Was it best for J K Rowling to have ended the series with Harry Potter and the Deathly Hallows, wonders Anita Aikara.
Alert: Spoilers ahead.
Nineteen years have passed since Lord Voldemort's death.
It is time to get introduced to the next generation: Harry Potter, an overworked employee of the Ministry of Magic, is married to Ginny and they have three children.
One of them -- his youngest son Albus -- becomes friends with Malfoy's son, Scorpius Malfoy.
Is this the making of a new, lasting friendship or a disaster? Will their friendship bring back the ghosts of the past?
When the news broke of the staging of Harry Potter and the Cursed Child (Parts I & II) at London's West End, Potter fans waited in anticipation for the book.
It is the first Potter book to be staged as a play and the eighth installment of the series.
One look at the spectacular photos and social media conversations, and it was certain that magic was bound to happen.
Every Potter fan, who couldn't witness the play, waited patiently for the book to release in India.
But when the book was out, we were disappointed.
1. The book isn't a novel
It is a two-part play! Imagine the disappointment to see it in bold on the cover.
That explains why many fans feel that the story is more adapt for the stage and not a book.
The book is actually the rehearsal script for the play which was co-written (yes co-written) by J K Rowling, Jack Thorne and John Tiffany.
Once you read it, you'll understand that reading a script is not such a pleasurable experience as reading a page turner -- it lacks a basic narrative.
The vivid description that made the series a good read are missing too.
Moreover, the book is not written by J K Rowling, but is based on a story by her.
It's here we get the feeling that maybe it was best for J K Rowling to have ended the series with the seventh installment, Harry Potter and the Deathly Hallows.
And just when this feeling sinks in, we read this...
2. HARRY is laid to rest forever
Yes! You heard it right... this is the final book in the treasured series.
One wishes the end was way more impressive.
3. We finished reading the book in JUST two hours
The book doesn't take long to read even if you were to read it enthusiastically and take in every bit.
Surprisingly, the play lasted more that five hours!
You'll find all elements of the past... the Hogwarts Express, the characters we loved so much, moving stairs, talking frames and, of course, the invisible cloak.
Despite so much packed in one book -- there are two parts to the final book -- you can easily wrap it up in a few hours.
I read it in just two hours.
4. The story is set in 2020 and Harry Potter is 37. *sigh*
The book opens with this: A 37-seven-year-old man Harry has his daughter Lily on his shoulders.
There was a certain charm about the brave boy wizard and he kept getting attractive with time.
We loved reading how his character built up and watching the handsome lad on screen.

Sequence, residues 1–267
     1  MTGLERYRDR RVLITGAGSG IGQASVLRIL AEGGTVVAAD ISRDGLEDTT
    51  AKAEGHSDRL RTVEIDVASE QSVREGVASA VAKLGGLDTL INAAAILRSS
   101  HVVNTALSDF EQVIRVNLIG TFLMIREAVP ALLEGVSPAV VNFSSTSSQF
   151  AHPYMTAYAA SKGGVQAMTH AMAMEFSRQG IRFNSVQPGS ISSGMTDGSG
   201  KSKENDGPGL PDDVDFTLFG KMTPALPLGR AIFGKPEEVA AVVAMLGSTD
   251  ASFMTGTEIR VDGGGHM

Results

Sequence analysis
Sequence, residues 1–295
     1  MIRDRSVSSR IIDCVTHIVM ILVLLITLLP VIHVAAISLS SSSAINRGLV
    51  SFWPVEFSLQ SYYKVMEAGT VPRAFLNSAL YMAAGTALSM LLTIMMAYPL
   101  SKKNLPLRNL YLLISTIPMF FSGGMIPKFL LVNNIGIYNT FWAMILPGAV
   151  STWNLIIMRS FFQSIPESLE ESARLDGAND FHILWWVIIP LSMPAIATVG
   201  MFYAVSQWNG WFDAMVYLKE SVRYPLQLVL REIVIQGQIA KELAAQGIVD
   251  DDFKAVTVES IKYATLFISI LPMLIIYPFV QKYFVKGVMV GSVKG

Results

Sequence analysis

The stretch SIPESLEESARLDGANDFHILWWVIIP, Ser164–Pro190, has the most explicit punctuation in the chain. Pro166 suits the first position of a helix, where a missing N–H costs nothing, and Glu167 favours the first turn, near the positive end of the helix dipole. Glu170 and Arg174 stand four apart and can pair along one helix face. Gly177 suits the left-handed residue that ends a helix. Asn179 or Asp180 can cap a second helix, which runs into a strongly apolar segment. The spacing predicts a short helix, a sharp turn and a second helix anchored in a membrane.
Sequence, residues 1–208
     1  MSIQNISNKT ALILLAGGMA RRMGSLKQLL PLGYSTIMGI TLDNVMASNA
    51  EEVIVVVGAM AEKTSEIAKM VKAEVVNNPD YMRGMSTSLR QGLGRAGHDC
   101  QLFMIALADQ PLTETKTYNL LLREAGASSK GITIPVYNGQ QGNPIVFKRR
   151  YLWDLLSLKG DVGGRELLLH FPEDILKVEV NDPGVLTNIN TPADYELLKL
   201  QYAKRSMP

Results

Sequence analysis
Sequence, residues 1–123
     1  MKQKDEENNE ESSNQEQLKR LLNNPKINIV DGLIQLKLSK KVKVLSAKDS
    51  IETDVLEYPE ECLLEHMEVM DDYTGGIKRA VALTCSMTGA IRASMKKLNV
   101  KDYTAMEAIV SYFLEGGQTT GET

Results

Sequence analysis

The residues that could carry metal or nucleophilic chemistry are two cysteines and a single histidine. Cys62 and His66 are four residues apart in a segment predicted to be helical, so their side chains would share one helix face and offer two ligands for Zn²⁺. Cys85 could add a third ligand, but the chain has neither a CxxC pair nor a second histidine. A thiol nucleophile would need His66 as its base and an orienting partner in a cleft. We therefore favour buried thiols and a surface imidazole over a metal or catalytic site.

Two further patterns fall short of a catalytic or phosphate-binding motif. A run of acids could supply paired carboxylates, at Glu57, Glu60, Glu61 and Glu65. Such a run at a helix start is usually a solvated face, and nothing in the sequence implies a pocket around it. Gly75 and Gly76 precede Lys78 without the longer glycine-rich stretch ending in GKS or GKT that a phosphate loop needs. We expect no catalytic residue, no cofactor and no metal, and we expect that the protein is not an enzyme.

Fans across came to love the character and could relate to him... they grew up along with the character and felt connected to him.
The sudden two decade gap is difficult to digest.
Also the grown-up Hermione doesn't seem anything like the bright, young, witch we knew and loved.
In this book, she is a hassled government leader and a confused wife. Surprising, isn't it for a sorted character like Hermione?
5. Most of the twists are quite predictable except for this one!
Harry Potter's son Abus Potter is sorted into Slytherin.
Remember the anxiety you went through watching Harry being sorted in Harry Potter and the Philosopher's Stone?
Biting our finger nails, we prayed and hoped that he'd be sorted into Gryffindor.
And what a relief it was when that happened.
We are hugely disappointed to know that Harry's youngest son (the rebel without a cause) has been sorted into Slytherin, the house of the snake of dark magic.
6. Snape is not dead
Well! He did make a re-appearance in the book in an alternate reality.
The other familiar character who made a comeback in the book is Moaning Myrtle.
And Dumbledore is back too! We're so confused after reading this book that we need to re-read all the seven books again.
Those that we love never truly leave us, do they?
7. Lord Voldemort and Bellatrix Lestrange have a secret daughter
Well, it is possible in this book.
The child's name is Delphi.
On the outside, she comes across as a happy-go-lucky girl, but she has the makings of a psychotic murderer.
She wants revenge, and tricks Albus Potter to believe she's the niece of Amos Diggory and the dead Cedric Diggory's cousin.
Can't help wondering if Lord Voldemort knew he had a daughter?
Lead photograph: Mario Anzuoni/Reuters
Have you read Harry Potter and the Cursed Child? What did you think of the book? Liked it or hated it?
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